House says yes to allowing youth curfews

A high-profile bill that would allow municipalities to impose limited curfews on some minors passed the state House Monday evening. The bill passed 44-21. House Majority Leader Nate Gentry, R-Albuquerque, sponsored the bill, saying it would help reduce crime and also protect youth in the cities. Gentry said that it would not allow municipalities or counties to impose criminal penalties on those out past curfew. He said it would allow municipalities to pass ordinances not beyond the limits in the state law, which would include curfew hours during school and between midnight and 5:00 a.m.

The bill would not impact those age sixteen or older and also had other exemptions.

Poll shows support for crime prevention over punishment

A poll finds that New Mexico voters say that crime prevention should be a priority over punishment. The group Center for Civic Policy, a progressive group based out of Albuquerque, commissioned the poll from Third Eye Strategies. The group opposes many of the bills to increase penalties that have been introduced this year. The poll comes as Republicans, especially leadership in the House, have focused the early days of the session largely on legislation that increases penalties for certain crimes. House Democrats have instead focused much of their attention on ethics, though the legislation they introduced has not yet been given the OK to be heard by Gov. Susana Martinez.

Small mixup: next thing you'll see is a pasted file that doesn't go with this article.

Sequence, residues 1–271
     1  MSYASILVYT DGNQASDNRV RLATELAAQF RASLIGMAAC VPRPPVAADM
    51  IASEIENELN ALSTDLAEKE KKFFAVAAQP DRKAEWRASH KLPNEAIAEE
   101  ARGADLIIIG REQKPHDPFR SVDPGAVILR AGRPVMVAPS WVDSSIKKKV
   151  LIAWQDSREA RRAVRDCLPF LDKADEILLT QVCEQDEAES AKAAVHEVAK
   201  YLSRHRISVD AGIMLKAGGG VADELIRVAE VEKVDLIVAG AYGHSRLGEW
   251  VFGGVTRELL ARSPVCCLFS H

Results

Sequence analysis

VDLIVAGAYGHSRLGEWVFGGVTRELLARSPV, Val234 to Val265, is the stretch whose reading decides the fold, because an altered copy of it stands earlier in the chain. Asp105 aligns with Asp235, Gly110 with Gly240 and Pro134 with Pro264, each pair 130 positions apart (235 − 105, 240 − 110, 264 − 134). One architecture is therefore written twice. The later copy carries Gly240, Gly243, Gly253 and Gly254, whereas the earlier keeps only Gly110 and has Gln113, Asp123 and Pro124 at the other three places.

Bold policies needed instead of teen curfews

State Rep. Javier Martinez is a Democrat from Albuquerque who represents the 11th district in the New Mexico House of Representatives. I’ve followed with great disappointment how the Mayor and his City Council allies have pushed the idea of a curfew as a strategy to curb teen-involved crime. It’s frustrating to see our city leaders tout this disingenuous idea as a solution to what’s transpired in Albuquerque the last several years. First and foremost, as long as we continue to ignore the science behind the benefits of early childhood education, New Mexico will never reach its full potential. Ninety percent of a child’s brain develops by the age of three, yet only a small handful of New Mexico’s children have access to such important services.